PulmCrit – Hydroxychloroquine fails first meaningful RCT

This is now the third anti-viral therapy to disappoint us within a few weeks (preliminary data on lopinavir/ritonavir and remdesivir were both unimpressive). This raises a question of whether any anti-viral therapies will be beneficial. Especially among the critically ill, patients often present relatively late (at a time-point when viral load is already falling anyway). Much of the pathogenesis of critical illness seems to result from dysregulated inflammation, rather than direct viral cytopathic effect. This raises a question of whether any antiviral treatment will be beneficial for late-presenting patients with severe illness.

PulmCrit – Hydroxychloroquine fails first meaningful RCT

Goodbye Benadryl

Link to the full article here.

Benadryl isn’t safe

Benadryl causes significant sedation. One study in a driving simulator showed an ordinary adult dose of Benadryl caused worse driving than a blood alcohol level of 0.1 percent (that’s between buzzed-drunk and frat-party drunk). Ordinary doses of Benadryl can also cause urinary retention, dizziness, trouble with coordination, dry mouth, blurry vision, and constipation. Especially in older individuals, diphenhydramine can cause delirium and contribute to long term dementia.

You be the judge.

PPI Use Linked to Elevated Mortality Risk

PPI Use Linked to Elevated Mortality Risk

During a median 10 years’ follow-up, 37% of participants died. There were 46 excess deaths per 1000 PPI users in that time. PPIs were associated with excess mortality from cardiovascular disease (CVD) and chronic kidney disease (CKD). Patients without indications for PPI use had higher mortality risk from CVD, CKD, and also upper gastrointestinal cancer. Longer duration of use was associated with greater risk.

The NEJM Journal Watch summary has a link to the full study from BMJ.

Opiods + Marijuana = Bad

Cannabis Plus Opioids in Chronic Pain: Not a Great Combo

Previous research by Humphreys and colleagues showed that people who used medical cannabis also had higher rates of opioid use and misuse. “This is one of many examples where claims about the benefits of medical cannabis are not supported by evidence,” Humphreys told MedPage Today.  The current study had several limitations: it relied on cross-sectional, self-reported data and was subject to possible selection bias and confounding. It also did not assess the frequency or quantity of cannabis or opioid use, or the type of chronic pain.

Long-term Effects of Metformin on Diabetes Prevention: Identification of Subgroups That Benefited Most in the Diabetes Prevention Program and Diabetes Prevention Program Outcomes Study

CONCLUSIONS – Metformin reduces the development of diabetes over 15 years. The subsets that benefitted the most include subjects with higher baseline fasting glucose or HbA1c and women with a history of GDM.

You can access the abstract and full study online at this link to the Diabetes Journal.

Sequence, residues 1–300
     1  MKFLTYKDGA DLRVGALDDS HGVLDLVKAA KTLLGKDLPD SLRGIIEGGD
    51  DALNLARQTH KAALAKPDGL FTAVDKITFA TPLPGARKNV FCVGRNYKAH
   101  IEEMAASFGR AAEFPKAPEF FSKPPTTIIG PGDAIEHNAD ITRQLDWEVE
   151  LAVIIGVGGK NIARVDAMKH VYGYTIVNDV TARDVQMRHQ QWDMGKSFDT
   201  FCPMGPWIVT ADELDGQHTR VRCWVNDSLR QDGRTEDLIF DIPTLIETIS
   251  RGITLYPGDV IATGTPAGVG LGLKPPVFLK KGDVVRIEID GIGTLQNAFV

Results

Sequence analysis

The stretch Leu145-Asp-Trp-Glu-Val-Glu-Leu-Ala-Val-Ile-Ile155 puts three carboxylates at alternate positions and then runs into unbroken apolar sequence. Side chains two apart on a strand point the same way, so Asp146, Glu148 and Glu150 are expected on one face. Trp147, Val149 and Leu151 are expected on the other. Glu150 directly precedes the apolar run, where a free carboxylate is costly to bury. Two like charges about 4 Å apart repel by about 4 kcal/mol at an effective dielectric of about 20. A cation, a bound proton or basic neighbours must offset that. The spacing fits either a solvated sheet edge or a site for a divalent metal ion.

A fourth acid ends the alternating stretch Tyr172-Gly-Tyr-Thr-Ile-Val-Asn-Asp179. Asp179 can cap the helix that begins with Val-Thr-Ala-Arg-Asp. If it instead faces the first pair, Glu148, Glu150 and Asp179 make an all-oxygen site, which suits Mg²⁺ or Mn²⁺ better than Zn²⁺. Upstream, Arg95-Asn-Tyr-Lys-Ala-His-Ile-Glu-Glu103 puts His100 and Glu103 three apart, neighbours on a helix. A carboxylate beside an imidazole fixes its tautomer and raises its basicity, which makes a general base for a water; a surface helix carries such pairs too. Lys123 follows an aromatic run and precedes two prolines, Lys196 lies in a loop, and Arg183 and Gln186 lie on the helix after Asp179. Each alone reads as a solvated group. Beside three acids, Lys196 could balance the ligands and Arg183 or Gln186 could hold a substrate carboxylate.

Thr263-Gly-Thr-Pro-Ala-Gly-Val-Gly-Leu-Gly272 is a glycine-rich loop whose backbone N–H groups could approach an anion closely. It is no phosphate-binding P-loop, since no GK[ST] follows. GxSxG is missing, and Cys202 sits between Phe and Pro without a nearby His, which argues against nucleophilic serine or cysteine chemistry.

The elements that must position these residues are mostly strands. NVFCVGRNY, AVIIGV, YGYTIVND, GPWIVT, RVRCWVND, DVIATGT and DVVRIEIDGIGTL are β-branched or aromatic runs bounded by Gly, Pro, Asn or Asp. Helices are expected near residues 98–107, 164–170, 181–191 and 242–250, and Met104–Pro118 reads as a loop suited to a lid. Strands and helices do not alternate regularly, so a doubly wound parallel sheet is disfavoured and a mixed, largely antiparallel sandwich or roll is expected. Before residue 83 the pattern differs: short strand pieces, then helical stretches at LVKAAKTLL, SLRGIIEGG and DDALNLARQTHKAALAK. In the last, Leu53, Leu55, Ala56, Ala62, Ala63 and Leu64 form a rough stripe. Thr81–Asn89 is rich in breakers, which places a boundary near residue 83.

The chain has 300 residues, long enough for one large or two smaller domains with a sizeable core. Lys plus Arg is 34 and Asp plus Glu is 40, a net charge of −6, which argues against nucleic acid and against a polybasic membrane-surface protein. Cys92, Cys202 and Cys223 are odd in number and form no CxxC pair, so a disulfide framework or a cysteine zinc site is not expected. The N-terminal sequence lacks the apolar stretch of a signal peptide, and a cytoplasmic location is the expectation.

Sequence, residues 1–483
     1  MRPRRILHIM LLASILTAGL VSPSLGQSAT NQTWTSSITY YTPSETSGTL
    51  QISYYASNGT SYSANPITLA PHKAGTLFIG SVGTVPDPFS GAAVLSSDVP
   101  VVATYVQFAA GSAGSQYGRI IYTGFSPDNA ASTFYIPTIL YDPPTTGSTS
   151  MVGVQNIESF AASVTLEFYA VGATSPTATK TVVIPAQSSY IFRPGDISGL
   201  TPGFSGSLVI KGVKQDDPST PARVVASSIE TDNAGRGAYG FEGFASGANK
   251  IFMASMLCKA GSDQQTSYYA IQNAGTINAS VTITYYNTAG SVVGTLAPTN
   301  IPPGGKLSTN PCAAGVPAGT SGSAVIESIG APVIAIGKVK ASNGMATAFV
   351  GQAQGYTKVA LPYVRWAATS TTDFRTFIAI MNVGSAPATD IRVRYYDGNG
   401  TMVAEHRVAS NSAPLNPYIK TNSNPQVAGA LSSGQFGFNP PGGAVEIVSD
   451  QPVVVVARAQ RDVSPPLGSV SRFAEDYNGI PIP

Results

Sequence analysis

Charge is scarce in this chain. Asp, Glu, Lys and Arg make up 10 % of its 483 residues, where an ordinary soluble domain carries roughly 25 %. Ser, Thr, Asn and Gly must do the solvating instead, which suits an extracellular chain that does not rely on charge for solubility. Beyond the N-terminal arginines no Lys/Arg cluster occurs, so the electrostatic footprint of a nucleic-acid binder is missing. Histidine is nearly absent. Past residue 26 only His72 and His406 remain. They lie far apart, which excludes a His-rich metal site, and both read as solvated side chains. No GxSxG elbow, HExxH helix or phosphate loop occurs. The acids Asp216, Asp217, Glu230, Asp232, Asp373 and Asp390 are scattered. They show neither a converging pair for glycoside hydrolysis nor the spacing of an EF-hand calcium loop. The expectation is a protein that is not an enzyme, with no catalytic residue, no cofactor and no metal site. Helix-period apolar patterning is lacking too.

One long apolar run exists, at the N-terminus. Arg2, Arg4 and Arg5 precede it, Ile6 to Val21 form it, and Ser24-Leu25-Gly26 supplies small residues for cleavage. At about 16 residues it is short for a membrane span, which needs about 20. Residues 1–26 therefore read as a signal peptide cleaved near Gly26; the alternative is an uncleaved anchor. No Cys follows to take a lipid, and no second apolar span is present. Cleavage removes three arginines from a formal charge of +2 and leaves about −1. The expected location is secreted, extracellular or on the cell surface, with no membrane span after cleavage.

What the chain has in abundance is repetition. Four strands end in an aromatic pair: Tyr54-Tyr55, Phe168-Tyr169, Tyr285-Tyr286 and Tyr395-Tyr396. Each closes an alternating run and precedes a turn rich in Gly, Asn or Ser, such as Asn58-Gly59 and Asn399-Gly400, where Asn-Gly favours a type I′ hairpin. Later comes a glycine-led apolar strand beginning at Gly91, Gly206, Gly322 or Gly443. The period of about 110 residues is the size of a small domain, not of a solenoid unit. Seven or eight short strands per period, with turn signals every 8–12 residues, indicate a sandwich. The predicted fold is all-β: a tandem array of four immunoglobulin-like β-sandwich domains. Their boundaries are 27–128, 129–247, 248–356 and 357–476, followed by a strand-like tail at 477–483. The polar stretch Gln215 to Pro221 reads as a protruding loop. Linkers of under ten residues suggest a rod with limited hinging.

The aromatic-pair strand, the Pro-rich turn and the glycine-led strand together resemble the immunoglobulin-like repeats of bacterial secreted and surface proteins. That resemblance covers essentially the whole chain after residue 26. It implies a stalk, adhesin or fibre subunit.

The commentary article at this link is also an interesting read.

More Evidence for a Prevention-Related Indication for Metformin: Let the Arguments Resume!

Dual Receipt of Prescription Opioids From the Department of Veterans Affairs and Medicare Part D and Prescription Opioid Overdose Death Among Veterans: A Nested Case–Control Study

Among veterans enrolled in VA and Part D, dual use of opioid prescriptions was independently associated with death from prescription opioid overdose. This risk factor for fatal overdose among veterans underscores the importance of care coordination across health care systems to improve opioid prescribing safety.

Full abstract at this link.

Does Marijuana Have Any Bad Side Effects?

Read a quick history lesson here.

Read about psychosis risk here.

Pass the doobie please.

Regardless of the century, physicians throughout the ages have known that real medicines carry risks. Any truly medicinal substance is able to give a little whack to one or more bodily processes. The goal is to whack the body back into normal functioning. That’s basically what medicine is all about – strategically whacking our physiology. But anything capable of whacking (which is to say any real medicine) is capable of harming at least a few of the many patients who would take it. This fact is so non-negotiable that we have a name for doctors who claim to have discovered effective medicines that don’t have any risks: we call them quacks.

Americans Cross Border Into Mexico To Buy Insulin At A Fraction Of U.S. Cost — Kaiser Health News

When Michelle Fenner signed up to run this year’s Los Angeles Marathon, it got her thinking: Tijuana, Mexico, is only a 2½-hour drive from L.A. Why not take a trip across the border and buy some insulin for her son? “It’s so easy to just go across the border,” mused Fenner. This idea had been…

via Americans Cross Border Into Mexico To Buy Insulin At A Fraction Of U.S. Cost — Kaiser Health News